Assuming a confidence level of 95%, the null hypothesis that the reproducibility or repeatability level is at least Substantial can be accepted only for those students with the lower bound of the CI lying in the region over 0.6 (e.g. reproducibility of student 1 of E.I). Therefore, the null hypothesis that the reproducibility level is at least Substantial can be accepted for the 75% of students participating in the case study (i.e. 39 out of 52 involved students); whereas the null hypothesis that the repeatability level is at least Substantial can be accepted only for 61% of involved students (i.e. 32 out of 52).

Fig. 1
figure1

Two-sided 95% BCa confidence intervals for \(BP_{w_{S}}\) (on the left) and \(BP_{w_{T}}\) (on the right) estimated for all students participating in E.I (at the top), E.II (in the middle) and E.III (at the bottom)

However, focusing on each experiment, it is highlighted that the reproducibility and repeatability levels are quite similar but not stable over the years: they are intrinsic abilities of each rater and vary across students. Indeed, the percentages of at least substantially reproducible students are 82% for E.I (i.e. 14 students), 56% for E.II (i.e. 10 students) and 88% for E.III (i.e. 15 students); whereas the percentages of at least substantially repeatable students are 65% for E.I and E.III (i.e. 11 students) and 56% for E.II (i.e. 10 students).

Therefore, according to study results it is reasonable to claim that the students perform better on reproducibility rather than on repeatability: the students are able to provide more reliable evaluations over different rating scales than over time.

In Fig. 2 the lower bounds of the BCa confidence interval for \(BP_{w_{S}}\) and \(BP_{w_{T}}\) are plotted against the 5 regions of agreement according to Landis and Koch benchmark scale; the students selected as reliable are the ones contained in the black squares in the top right corner, coherently with the criterion that only those students who are able to provide both substantially reproducible and repeatable evaluations can be assumed substantially reliable assessors of teaching quality.

Specifically, the reliable students are only 26 (50% of the ones involved in the case study), including 9 students participating in E.I (i.e. 53% of the students involved in E.I), 7 students participating in E.II (i.e. 39% of E.II students) and 10 students participating in E.III (i.e. 59% of E.III students).

Fig. 2
figure2

Lower bound of the two-sided 95% BCa confidence interval for \(BP_{w_{S}}\) (as ordinate) and \(BP_{w_{T}}\) (as abscissa) for each student participating in E.I (on the left), E.II (in the middle) and E.III (on the right)

Conclusions

As far back as 1970s many research studies supported the validity of SETs as a measure of teaching quality/effectiveness, meantime many others doubted their validity. As Abrami et al. (1990) point out, “Student ratings are seldom criticized as measures of student satisfaction with instruction” but they “are often criticized as measures of instructional effectiveness” (p. 219).

When assessing SETs reliability, the majority of studies focus on inter-student reliability, whereas scarce attention is devoted to the assessment of intra-student reliability which is generally measured only in terms of agreement between replicated evaluations (test-retest comparison). Here, the SETs reliability depends on student’s ability to provide both stable (repeatability) and consistent (reproducibility) evaluations of teaching quality.

The results highlight that students perform differently on reproducibility and repeatability, being their evaluations generally more consistent over different rating scales than stable over time with numeric rating scale. Only the 50% of the involved students perform satisfactory on both reproducibility and repeatability to be assumed substantially reliable assessors of teaching quality. These results cannot of course be generalized since, although the experiments were repeated over three academic years, they were limited to only one teaching course.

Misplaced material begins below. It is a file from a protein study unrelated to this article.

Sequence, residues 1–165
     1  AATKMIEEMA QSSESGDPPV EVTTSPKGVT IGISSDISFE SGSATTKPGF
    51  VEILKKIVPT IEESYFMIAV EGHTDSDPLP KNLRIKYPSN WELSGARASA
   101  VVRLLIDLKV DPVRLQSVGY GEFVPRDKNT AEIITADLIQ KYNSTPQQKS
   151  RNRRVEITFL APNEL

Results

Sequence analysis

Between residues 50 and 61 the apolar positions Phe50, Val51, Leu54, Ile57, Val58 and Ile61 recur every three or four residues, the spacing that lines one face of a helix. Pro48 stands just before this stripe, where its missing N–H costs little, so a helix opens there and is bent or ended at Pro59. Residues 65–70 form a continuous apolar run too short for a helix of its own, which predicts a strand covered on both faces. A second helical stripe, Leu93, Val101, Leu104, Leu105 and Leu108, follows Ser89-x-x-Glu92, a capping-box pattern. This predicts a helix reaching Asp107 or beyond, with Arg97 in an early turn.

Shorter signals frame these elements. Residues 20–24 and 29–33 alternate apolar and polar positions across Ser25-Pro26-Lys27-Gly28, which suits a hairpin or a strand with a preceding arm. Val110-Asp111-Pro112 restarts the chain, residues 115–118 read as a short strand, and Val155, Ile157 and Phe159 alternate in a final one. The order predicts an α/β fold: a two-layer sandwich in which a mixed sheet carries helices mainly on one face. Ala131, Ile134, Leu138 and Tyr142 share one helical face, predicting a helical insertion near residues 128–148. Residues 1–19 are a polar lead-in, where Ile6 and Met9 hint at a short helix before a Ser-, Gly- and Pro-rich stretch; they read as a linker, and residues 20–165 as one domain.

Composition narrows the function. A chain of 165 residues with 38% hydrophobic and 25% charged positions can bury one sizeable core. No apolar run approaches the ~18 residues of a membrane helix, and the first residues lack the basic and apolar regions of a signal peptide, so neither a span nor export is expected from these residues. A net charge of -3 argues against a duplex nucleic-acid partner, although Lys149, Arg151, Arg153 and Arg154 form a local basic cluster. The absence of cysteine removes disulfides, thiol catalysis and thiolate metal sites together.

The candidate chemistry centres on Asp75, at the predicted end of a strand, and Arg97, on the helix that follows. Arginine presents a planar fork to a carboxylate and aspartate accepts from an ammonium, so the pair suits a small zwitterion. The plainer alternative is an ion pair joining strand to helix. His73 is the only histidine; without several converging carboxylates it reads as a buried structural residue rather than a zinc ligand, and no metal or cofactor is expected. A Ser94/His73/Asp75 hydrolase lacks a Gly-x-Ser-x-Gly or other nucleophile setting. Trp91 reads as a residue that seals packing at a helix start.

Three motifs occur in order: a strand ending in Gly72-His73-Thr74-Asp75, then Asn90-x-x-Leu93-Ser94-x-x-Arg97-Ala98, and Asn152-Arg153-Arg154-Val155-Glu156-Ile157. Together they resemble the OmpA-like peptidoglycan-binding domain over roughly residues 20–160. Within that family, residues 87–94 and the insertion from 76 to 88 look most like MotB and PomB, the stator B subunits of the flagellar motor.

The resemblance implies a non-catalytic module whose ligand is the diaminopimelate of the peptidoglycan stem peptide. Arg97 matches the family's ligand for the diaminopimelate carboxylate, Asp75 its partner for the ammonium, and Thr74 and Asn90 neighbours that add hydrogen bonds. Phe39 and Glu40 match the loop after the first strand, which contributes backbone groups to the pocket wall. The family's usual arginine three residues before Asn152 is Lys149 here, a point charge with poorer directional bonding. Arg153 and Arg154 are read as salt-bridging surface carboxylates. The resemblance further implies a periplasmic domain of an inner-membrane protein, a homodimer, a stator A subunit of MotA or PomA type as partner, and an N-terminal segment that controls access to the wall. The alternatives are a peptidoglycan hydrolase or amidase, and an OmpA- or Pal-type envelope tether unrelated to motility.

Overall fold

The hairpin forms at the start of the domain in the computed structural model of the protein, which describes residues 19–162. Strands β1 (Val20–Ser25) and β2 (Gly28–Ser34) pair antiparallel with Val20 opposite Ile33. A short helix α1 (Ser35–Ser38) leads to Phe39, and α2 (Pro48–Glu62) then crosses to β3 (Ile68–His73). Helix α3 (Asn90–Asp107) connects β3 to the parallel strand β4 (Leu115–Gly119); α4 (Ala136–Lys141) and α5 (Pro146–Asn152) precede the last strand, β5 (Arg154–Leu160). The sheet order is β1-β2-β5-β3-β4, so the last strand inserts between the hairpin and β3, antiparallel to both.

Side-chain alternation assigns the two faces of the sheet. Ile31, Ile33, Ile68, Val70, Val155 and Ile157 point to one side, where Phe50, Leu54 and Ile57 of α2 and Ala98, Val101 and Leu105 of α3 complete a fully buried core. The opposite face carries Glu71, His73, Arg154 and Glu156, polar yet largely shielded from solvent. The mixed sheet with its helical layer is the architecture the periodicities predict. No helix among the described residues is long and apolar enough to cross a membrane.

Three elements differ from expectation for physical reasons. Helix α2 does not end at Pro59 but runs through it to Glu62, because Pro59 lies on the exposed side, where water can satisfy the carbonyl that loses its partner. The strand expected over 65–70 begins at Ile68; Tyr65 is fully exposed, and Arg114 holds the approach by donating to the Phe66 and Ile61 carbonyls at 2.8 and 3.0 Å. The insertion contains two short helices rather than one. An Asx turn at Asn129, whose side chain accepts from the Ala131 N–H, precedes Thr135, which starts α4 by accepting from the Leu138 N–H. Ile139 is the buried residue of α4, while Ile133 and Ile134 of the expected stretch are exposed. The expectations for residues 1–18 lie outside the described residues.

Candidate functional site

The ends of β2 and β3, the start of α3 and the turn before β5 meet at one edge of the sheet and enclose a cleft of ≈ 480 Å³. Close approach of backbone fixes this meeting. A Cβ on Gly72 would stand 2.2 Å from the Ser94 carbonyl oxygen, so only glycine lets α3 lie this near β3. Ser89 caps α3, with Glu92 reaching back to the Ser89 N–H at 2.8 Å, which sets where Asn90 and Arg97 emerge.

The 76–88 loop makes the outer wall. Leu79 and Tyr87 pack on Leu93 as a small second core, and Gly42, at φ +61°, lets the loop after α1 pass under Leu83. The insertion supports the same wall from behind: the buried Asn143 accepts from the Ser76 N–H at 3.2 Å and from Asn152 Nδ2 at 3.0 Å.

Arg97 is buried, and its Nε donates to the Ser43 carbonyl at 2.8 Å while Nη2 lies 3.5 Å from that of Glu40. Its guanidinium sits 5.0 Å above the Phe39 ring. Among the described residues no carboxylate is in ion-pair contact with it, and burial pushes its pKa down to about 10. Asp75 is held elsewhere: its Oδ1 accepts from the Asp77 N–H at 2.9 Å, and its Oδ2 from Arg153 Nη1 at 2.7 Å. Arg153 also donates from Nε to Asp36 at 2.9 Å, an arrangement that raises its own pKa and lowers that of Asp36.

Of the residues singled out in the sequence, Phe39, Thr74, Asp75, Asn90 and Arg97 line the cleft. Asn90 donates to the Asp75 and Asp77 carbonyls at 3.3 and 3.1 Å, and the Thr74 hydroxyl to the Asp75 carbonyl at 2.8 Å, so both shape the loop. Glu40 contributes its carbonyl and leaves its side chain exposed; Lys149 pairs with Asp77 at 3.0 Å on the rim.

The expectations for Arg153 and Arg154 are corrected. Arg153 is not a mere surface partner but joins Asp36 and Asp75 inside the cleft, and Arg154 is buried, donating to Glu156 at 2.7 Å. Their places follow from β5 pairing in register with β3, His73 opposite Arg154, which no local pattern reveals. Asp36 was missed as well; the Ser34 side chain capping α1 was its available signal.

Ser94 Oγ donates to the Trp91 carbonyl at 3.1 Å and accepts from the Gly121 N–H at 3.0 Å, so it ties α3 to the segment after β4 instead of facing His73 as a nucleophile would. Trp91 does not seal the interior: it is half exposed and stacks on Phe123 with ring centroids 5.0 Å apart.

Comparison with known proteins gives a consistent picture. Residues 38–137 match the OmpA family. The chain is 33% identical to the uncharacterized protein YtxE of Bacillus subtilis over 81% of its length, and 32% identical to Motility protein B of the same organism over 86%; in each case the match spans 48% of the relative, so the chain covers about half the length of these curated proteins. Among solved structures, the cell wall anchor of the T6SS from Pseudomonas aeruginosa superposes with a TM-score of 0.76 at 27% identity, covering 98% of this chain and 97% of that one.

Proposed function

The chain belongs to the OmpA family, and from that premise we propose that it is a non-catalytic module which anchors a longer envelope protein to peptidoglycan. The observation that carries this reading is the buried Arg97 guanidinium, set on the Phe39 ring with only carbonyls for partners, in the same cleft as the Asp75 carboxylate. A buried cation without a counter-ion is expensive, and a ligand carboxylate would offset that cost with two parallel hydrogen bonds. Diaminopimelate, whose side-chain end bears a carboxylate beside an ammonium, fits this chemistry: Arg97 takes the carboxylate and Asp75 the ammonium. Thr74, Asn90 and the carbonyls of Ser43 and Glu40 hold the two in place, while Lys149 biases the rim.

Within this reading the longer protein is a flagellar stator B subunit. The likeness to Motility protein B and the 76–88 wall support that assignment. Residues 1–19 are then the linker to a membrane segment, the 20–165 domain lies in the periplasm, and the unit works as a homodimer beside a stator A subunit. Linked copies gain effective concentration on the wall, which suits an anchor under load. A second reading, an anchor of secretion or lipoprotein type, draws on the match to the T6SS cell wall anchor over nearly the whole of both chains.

However, it is worthwhile to pinpoint that all the three experiments were carried in the best case of classes with little more than 20 students at the last year of their career path, all trained in teaching quality evaluation and homogeneous in curriculum and instruction. It is reasonably to suppose that in the worst case of large classes of students attending mandatory first-year courses, never involved in teaching quality evaluation and no homogeneous in curriculum and instruction, student reliability would decrease because they have low knowledge about the object of the evaluation (i.e. university teaching quality) they are asked for and, in addition, they have low or no expertise about the evaluation procedure.

These findings agree with previous studies claiming that SETs generally do not accurately measure teaching quality. Even though the assessment of teaching quality via SETs is an easy and low-cost measurement procedure that looks “objective” and thus reasonably preferred by administration, the obtained results question the validity of SETs implying that institutions should be cautious when using SETs as the basis for taking formative and/or summative academic decisions. Low student’s reliability severely impacts on SETs validity and thus on formative decisions taken on their basis with negative consequences for the quality of future courses. Unreliable SETs negatively impact also on summative decisions, since professor promotion and tenure would unfairly rely on students with poor evaluative abilities.

The extension of this study by replicating the experiments over successive academic years and involving different classes, teaching courses and universities, could provide useful guidelines for an aware adoption of SETs in the light of different student evaluative performance.

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The authors express their gratitude to the anonymous reviewers for their positive comments and helpful suggestions which contributed significantly to the improvement of this article.

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Vanacore, A., Pellegrino, M.S. How Reliable are Students’ Evaluations of Teaching (SETs)? A Study to Test Student’s Reproducibility and Repeatability. Soc Indic Res 146, 77–89 (2019). https://doi.org/10.1007/s11205-018-02055-y

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Keywords

  • Students’ Evaluations of Teaching
  • Intra-rater agreement
  • Student reproducibility
  • Student repeatability